God’s Grandeur

God’s Grandeur

God’s Grandeur
By Gerard Manley Hopkins

The world is charged with the grandeur of God.
It will flame out, like shining from shook foil;
It gathers to a greatness, like the ooze of oil
Crushed. Why do men then now not reck his rod?
Generations have trod, have trod, have trod;
And all is seared with trade; bleared, smeared with toil;
And wears man’s smudge and shares man’s smell: the soil
Is bare now, nor can foot feel, being shod.

And for all this, nature is never spent;
There lives the dearest freshness deep down things;
And though the last lights off the black West went
Oh, morning, at the brown brink eastward, springs—
Because the Holy Ghost over the bent
World broods with warm breast and with ah! bright wings.

I stumbled on this poem last night and I couldn’t stop thinking about it all day. A collection of Hopkins’s poems is on my nightstand, so I looked it up again as soon as I got into bed. I read it again just now, then forced it on Jamie (a professed poetry hater, unless that poem is about her, by me). She said, when I finished, “What–in–the–world was all that about?”

After I stopped laughing she said, “Give it to me again. I’m ready now.” I read it again, noticing some of its nuances for the first time, then she said, “So God made this beautiful world, and man’s made a mess of things, right? But the Holy Spirit is still present, and God’s beauty is stronger than the mess. Is that it?”

“Yeah, I guess so,” I said, wondering how Hopkins would feel about his verse being summed up that way. “But a poem isn’t just a puzzle to be figured out. It’s also about how it affects you.” I shrugged. “Then again, you’re someone who likes things explained. So yeah. I suppose that’s what it’s about.” For me, it’s about the way he said it, about the beauty of a lovely thought expressed with love. Jamie’s not crazy about questions. She wants the comfort of answers, and I like the adventure of mystery. But spouses, like good poems, aren’t easy to sum up in a sentence or two; I like answers and comfort too, and she’s one of the most adventurous, trusting people I know. She’s a poem written in a language I’m only beginning to learn.

I thought, “A poem this good deserves a third read-aloud.” So I read it to her one more time, loving it even more than I did before. Her silence was the silence of a soul inspired, the silence of someone whose husband had just read her a grand poem about God’s grandeur, a silence of—sleep? Yes, sleep. She was long gone by the end of the third reading. Not everyone is a lover of hundred-year-old poetry, and neither the poem nor my wife are any less wonderful because of it. I love that the last thing she heard as she drifted off was about the bright wings of God’s Holy Spirit brooding over us; whether you’re a poet or not, that’s good news.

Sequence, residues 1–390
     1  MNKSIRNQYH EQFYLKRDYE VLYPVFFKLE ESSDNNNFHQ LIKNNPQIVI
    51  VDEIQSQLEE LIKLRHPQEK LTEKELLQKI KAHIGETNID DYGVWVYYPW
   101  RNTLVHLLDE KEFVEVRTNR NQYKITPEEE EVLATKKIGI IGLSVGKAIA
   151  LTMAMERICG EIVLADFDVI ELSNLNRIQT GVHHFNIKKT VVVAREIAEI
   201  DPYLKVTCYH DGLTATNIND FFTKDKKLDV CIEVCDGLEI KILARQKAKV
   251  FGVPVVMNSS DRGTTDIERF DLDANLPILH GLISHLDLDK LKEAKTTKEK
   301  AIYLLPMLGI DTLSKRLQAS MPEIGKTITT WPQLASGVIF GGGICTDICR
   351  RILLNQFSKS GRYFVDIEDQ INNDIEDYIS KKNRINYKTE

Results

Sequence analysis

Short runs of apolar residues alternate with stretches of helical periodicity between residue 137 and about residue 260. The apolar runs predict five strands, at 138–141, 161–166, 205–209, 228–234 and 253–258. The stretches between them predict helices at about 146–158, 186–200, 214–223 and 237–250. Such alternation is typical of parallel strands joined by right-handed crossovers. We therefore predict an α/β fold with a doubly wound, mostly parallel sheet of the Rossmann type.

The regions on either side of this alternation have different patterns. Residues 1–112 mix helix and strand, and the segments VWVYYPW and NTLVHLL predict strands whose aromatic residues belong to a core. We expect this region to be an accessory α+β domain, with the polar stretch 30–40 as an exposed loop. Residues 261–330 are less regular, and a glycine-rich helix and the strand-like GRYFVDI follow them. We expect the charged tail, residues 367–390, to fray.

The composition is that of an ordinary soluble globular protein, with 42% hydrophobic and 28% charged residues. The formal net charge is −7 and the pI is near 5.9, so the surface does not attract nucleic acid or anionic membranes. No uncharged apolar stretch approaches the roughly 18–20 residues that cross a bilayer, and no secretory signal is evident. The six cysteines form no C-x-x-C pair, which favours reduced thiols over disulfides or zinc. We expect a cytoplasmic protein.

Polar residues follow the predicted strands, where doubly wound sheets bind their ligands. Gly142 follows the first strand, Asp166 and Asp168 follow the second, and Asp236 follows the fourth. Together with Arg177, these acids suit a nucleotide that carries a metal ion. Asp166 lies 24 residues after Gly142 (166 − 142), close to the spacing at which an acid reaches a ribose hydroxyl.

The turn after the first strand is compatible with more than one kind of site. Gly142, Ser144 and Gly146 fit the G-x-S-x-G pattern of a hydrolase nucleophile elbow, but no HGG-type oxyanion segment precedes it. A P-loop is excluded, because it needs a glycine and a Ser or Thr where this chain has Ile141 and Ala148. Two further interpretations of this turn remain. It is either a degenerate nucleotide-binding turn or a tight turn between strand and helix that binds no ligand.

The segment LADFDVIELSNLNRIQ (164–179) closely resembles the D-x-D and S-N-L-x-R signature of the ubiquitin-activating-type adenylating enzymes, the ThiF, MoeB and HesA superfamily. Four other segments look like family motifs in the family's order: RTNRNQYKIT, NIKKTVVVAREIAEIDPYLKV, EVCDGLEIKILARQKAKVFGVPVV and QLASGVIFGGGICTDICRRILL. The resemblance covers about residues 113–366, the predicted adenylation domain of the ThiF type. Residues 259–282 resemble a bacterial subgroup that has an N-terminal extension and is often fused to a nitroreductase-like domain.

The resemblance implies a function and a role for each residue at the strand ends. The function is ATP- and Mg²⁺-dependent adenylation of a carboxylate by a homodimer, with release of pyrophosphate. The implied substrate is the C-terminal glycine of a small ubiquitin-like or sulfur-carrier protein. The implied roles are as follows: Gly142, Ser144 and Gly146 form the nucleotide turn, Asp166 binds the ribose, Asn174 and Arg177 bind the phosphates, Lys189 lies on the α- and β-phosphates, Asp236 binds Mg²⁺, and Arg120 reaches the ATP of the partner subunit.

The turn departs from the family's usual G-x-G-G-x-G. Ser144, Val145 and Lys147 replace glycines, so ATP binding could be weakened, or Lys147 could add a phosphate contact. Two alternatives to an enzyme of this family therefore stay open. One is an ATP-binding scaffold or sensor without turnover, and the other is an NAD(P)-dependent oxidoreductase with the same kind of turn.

Here it is again. (And you have to read it aloud.)

The world is charged with the grandeur of God.
It will flame out, like shining from shook foil;
It gathers to a greatness, like the ooze of oil
Crushed. Why do men then now not reck his rod?
Generations have trod, have trod, have trod;
And all is seared with trade; bleared, smeared with toil;
And wears man’s smudge and shares man’s smell: the soil
Is bare now, nor can foot feel, being shod.

And for all this, nature is never spent;
There lives the dearest freshness deep down things;
And though the last lights off the black West went
Oh, morning, at the brown brink eastward, springs—
Because the Holy Ghost over the bent
World broods with warm breast and with ah! bright wings.

I’m not familiar with Stanley Kunitz, but this video of him reading this, his favorite poem, brought tears to my eyes. His description of stumbling onto the poem is worthy of its own Rabbit Room post. Here’s a snippet of what he says:

“Back in 1926, I was roaming through the stacks of the Widener Library at Harvard. When I was walking through the section on English poetry of the nineteenth century, I just at random lifted my arm and picked a book off the shelf. It was attributed to an author I was not familiar with—Gerard Manley Hopkins. The page that I turned to and began to read was a page devoted to a poem called ‘God’s Grandeur.’

I couldn’t believe what I was reading. It really shook me, because it was unlike anything else I had ever read before. Suddenly that whole book became alive to me. It was filled with such a lyric passion; it was so fierce and eloquent, wounded and yet radiant, that I knew that it was speaking directly to me and giving me a hint of the kind of poetry that I would be dedicated to for the rest of my life.”

So how does this poem hit you? Have you ever been stopped in your tracks by a poem?